THE UK Independence Party has won its first five seats on Wyre Forest District Council, shifting the area’s political spectrum.

Amidst a tense atmosphere inside the Wyre Forest Glades Leisure Centre, councillors and candidates listened as ward-by-ward UKIP took votes and seats from the Conservatives, Labour, the Liberals and ICHC and the authority remained in no overall control.

It means the make-up of the council is now Conservatives: 15 seats (-3 seats), Labour: 9 (+2), Independent Community and Health Concern: 7 (-2), UKIP: 5 (+5), Liberal and Independent: Independent: 3 (-), Liberal and Independent: Liberal: 2 (-1), Independent: 1.

The Tories are still the biggest party in Wyre Forest but are now well short of the 22 seats needed for the overall majority they enjoyed going into the 2011 district elections.

The party is still likely to form the administration as it seems unlikely enough of the opposition parties would be willing to work together to overthrow the ruling group – although all leaders remained tight lipped on which other groups they would or would not sit with.

High profile casualties included cabinet member Conservative Ian Hardiman, who was unseated in Habberley and Blakebrook by Labour’s Lynne Hyde. Council vice chairman, Tory Daniel McCann, lost his Franche seat to UKIP’s Anthony Clent.

Labour councillor Howard Martin lost his Broadwaters seat to UKIP's Paul Wooldridge and the Liberal's Tim Ingham was unsuccessful as he was moved from his Greenhill seat to fight the Offmore and Comberton seat won by Conservative Rose Bishop.

Labour’s other gain saw Rob Lloyd unseat ICHC’s Nigel Thomas in Areley Kings. Independent John Aston held on to his Aggborough and Spennells seat, fighting for the first time without Tory backing.

Conservative group leader Marcus Hart said: “I am delighted we are still the largest party. Obviously it is a very mixed picture which does not surprise me.”

Fellow Tory John Campion, who held on to his Sutton Park seat, said: “The electorate has spoken, they have clearly been caught up in the national push towards the European issue.

“UKIP come to this with no local manifesto, no ideas or experience as to how to run a district council, they have now got to prove they have got the ideas to take things forward.”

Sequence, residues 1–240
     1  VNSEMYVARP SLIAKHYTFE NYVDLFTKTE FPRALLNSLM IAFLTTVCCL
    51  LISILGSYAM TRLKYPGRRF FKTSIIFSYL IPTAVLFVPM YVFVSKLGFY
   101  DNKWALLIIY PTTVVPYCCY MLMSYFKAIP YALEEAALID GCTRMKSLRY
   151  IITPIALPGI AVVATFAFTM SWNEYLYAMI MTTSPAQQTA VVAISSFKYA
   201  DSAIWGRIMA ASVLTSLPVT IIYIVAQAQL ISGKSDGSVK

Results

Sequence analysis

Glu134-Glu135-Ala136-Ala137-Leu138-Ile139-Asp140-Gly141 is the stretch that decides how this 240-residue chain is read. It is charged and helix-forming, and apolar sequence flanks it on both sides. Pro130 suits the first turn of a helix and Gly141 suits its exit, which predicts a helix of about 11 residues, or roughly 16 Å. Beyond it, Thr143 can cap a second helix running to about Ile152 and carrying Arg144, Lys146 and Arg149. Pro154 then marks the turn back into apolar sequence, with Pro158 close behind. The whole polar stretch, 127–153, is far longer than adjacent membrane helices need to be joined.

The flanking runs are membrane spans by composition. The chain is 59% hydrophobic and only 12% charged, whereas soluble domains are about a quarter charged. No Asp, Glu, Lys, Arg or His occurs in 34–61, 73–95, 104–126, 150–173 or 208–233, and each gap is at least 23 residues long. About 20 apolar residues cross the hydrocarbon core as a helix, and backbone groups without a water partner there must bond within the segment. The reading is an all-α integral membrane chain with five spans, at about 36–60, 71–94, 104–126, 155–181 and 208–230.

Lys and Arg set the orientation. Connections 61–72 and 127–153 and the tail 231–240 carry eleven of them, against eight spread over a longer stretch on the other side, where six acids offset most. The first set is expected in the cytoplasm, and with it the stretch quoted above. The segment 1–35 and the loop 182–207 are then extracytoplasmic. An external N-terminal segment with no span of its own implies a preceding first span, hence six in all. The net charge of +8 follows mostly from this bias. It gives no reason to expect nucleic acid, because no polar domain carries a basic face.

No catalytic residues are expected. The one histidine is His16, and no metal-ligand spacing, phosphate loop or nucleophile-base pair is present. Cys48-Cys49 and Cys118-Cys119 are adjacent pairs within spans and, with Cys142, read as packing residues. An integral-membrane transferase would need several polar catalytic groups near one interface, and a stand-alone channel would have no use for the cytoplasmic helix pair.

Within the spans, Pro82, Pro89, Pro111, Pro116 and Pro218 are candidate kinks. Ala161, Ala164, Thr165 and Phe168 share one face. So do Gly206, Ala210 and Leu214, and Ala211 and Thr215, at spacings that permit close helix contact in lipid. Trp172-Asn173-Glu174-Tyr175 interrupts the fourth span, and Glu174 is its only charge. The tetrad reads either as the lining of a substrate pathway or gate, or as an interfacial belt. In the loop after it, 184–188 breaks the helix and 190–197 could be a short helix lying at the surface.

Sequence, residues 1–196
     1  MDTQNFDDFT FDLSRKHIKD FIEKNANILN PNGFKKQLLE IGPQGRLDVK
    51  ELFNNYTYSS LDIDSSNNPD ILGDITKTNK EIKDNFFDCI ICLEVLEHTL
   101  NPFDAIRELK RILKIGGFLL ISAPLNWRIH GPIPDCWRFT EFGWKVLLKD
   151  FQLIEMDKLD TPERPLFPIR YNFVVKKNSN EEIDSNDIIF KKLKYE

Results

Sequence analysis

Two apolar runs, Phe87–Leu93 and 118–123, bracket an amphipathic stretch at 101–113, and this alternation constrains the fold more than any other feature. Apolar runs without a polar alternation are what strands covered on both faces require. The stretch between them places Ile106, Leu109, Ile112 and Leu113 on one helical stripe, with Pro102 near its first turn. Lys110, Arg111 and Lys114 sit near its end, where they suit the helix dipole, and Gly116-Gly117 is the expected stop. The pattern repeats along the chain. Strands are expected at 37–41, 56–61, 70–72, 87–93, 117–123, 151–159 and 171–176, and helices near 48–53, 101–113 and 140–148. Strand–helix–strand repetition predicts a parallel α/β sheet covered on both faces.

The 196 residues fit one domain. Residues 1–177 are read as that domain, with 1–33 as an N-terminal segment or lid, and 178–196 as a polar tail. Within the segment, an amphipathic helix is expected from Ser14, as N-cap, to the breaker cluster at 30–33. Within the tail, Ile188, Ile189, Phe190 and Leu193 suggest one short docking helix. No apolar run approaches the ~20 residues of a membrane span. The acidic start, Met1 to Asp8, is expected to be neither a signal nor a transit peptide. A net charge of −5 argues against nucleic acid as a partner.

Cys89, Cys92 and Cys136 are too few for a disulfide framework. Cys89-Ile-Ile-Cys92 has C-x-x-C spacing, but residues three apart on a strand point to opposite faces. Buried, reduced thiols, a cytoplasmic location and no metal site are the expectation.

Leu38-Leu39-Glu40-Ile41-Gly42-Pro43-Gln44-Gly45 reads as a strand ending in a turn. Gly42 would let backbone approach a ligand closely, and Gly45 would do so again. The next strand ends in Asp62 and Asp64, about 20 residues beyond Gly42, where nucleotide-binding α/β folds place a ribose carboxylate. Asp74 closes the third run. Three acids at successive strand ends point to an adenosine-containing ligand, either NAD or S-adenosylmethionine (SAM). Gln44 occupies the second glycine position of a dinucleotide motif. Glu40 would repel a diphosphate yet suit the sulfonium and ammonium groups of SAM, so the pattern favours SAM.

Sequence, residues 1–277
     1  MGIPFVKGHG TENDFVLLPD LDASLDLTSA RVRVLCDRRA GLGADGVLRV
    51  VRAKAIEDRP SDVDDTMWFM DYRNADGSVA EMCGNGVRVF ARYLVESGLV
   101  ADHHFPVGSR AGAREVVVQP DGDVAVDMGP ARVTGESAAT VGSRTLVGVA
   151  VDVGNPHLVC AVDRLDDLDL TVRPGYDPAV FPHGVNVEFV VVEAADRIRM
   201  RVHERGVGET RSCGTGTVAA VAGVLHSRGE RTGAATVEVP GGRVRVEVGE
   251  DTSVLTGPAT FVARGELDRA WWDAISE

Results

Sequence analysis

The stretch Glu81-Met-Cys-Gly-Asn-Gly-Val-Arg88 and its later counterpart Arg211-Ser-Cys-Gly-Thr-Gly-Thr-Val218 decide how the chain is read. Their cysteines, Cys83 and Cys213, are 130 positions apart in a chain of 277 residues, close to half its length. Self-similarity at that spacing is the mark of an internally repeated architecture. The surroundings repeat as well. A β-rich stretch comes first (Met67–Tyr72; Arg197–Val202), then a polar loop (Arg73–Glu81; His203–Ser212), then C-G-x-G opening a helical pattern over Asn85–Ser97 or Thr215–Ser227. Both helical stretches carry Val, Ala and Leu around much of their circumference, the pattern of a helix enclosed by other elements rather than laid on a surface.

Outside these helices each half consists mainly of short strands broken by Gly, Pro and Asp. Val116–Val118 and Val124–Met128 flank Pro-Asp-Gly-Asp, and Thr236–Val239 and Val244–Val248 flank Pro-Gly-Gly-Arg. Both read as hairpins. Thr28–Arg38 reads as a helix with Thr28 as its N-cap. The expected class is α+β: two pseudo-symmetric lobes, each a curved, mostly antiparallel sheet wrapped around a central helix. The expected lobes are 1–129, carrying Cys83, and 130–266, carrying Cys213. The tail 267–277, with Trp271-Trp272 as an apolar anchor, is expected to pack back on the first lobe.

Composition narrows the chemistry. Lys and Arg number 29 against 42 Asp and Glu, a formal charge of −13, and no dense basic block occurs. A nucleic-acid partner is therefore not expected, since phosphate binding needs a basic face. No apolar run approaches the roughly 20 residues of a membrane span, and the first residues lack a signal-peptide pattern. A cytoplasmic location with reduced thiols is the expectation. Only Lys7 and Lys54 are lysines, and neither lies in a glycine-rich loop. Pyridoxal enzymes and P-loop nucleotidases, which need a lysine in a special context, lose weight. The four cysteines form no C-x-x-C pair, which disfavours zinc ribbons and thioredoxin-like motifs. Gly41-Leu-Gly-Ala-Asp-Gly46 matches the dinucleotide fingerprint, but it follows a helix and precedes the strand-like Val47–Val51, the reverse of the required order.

UKIP parliamentary spokesman Michael Wrench, who was elected in Oldington and Foley Park at the expense of Tory Nicky Gale, said it was an historic day for his party and he would be “willing to work with anyone that has the best interests of the people of Wyre Forest at heart”.

He said: “It is a brilliant result and has been a long time coming. I hope we can change the status quo in the council and come in with a common sense attitude.

“We are the party that is listening, something the others have failed time and time again to do.”

ICHC leader Graham Ballinger described the results as “disappointing” for his group, adding Areley Kings, in Mr Thomas and Mitton, in Mike Salter, had “lost two hard working, experienced councillors”. Labour’s Mr Lloyd and UKIP’s John Holden won those two seats respectively.

Mr Ballinger admitted his party had lost some of Wyre Forest’s “traditional anti-main party votes” but added: “We will be back. We as a party are strong and we are excited about next year’s election with Richard Taylor leading the fight.”

Despite gaining two seats, Labour’s share of the vote dropped to fourth overall, with just 18 per cent. Councillor Nigel Knowles, however, said his party was in a good position going into next year’s general election.

New Areley Kings Labour councillor, Mr Lloyd, said: “It has been a lot of hard work. I will continue to work for my own community which I believe in and do my best for them over the next 12 months.”

Mr Aston looked apprehensive during the counting process but ended up holding on to his Aggborough and Spennells seat by a majority of 506 votes.

He said: “It feels great. It shows that I can win without the Conservative’s support, we have done it on our own.”

The overall turnout across Wyre Forest was a three-year high at 36 per cent.